• The Drunk Snake is probably the best algorithm so far, for generating the amount of branching and length of critical path we want while looking fairly pleasing.
    • But! There’s a lot of room for improvement.
    • But! Improvement is getting harder: we don’t have a huge amount of control with these types of algorithms, so we can’t fine-tune things precisely without a big rewrite.
    • And! We don’t know enough about our requirements to get really fussy yet – maybe some things that seem bad now will be good when we have certain security devices or guard patrols in.

    Continued

    Thoughts On Fallout 4 And Invisible Inc’s Contingency Plan

    On the latest two Crate and Crowbar podcasts I talk about what I’ve been up to in these two games, and what I think of them. Here are the bits where I do that, Fallout first! Continued

    Laying Out Heat Signature’s Ships: Snakey Vs Branchy

    Last time I covered how I taught Heat Signature to build ships out of sectors, join those sectors together, lock some of those doors, then place keycards in the right places to ensure they’re all openable. I’d got the algorithm generating layouts like this, which is great: Continued

    Teaching Heat Signature’s Ship Generator To Think In Sectors

    I haven’t talked about the way I randomly generate spaceships in Heat Signature since this post – before it even had actual art. That’s partly because I’ve barely touched it since then. I showed the game to developer friends and the press in LA and SF a few weeks ago, and got lots of great input and ideas, but the main thing I came away thinking was: the on-board game needs to be more interesting. And I think better ship interiors are the foundation of that. Continued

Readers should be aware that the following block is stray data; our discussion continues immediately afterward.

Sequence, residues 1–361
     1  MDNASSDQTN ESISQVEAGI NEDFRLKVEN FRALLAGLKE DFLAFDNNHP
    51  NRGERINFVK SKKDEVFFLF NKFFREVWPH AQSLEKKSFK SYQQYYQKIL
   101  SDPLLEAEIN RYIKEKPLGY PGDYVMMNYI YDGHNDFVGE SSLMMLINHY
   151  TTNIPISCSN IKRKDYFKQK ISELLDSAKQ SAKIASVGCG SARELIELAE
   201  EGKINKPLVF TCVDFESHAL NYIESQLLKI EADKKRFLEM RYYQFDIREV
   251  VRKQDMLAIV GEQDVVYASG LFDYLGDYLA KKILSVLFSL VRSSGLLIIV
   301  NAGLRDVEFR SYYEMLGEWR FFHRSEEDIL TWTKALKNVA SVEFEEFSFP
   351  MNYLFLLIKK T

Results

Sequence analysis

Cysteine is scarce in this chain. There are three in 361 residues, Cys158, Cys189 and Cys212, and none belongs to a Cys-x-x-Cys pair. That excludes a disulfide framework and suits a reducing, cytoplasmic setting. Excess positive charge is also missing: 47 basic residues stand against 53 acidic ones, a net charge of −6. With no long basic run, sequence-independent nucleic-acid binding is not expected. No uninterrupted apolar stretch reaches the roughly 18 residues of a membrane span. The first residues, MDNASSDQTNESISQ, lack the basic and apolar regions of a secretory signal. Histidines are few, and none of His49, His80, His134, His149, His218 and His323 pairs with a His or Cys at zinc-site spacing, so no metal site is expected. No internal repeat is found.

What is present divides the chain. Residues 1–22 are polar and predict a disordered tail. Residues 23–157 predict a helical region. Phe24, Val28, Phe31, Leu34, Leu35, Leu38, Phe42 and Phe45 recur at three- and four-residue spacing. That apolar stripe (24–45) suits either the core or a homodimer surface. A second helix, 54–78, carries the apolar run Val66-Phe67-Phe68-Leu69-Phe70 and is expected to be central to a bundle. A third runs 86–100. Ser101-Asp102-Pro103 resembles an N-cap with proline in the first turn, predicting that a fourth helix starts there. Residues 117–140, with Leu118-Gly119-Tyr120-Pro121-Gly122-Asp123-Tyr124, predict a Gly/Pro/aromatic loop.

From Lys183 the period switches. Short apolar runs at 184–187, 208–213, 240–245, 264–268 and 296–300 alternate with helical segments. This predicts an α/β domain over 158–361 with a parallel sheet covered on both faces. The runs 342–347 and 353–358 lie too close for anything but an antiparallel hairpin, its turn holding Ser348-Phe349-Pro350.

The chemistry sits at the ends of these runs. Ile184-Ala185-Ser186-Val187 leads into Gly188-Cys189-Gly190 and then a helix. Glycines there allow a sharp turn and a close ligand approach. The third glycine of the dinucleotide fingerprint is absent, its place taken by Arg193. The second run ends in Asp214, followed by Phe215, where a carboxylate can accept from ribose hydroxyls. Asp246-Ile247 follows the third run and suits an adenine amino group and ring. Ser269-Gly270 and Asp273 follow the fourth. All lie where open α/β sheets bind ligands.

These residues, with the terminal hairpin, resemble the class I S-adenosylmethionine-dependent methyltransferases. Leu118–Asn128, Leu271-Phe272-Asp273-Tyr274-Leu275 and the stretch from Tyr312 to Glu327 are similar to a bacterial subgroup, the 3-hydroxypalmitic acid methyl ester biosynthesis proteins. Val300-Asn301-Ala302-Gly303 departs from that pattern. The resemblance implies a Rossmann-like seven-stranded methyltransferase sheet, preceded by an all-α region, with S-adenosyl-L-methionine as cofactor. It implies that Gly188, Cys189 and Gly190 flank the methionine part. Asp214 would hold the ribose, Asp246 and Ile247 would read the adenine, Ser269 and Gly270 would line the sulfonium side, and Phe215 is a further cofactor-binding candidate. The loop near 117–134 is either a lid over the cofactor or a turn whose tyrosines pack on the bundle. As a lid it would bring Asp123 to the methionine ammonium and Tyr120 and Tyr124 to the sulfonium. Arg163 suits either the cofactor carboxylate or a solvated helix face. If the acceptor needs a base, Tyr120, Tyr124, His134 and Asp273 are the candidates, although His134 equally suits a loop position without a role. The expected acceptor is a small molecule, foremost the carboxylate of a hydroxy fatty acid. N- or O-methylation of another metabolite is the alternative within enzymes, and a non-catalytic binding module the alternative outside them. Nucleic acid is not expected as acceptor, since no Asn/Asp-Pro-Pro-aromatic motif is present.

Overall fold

What Works And Why: Multiple Routes In Deus Ex

    Deus Ex’s appeal is often boiled down to ‘lots of options’, but obviously that doesn’t quite cover it. Right now I’m looking to redesign the ‘sneaking inside spaceships’ part of Heat Signature, so I need more than a vague line about what’s cool about Deus Ex – I need a practical understanding of specifically why it works, and why similar games don’t. So I’m replaying Deus Ex 1 and 3, to figure out what it is I want to steal. And I think it is options, but it’s not just number. They have to fill a certain set of requirements, and this is my attempt to nail down what those are.

    I’ve been mostly playing Human Revolution so far, but I’ll also use some examples for DX1 since there’s so much overlap. Continued

    The Martian (The Book)

    No spoilers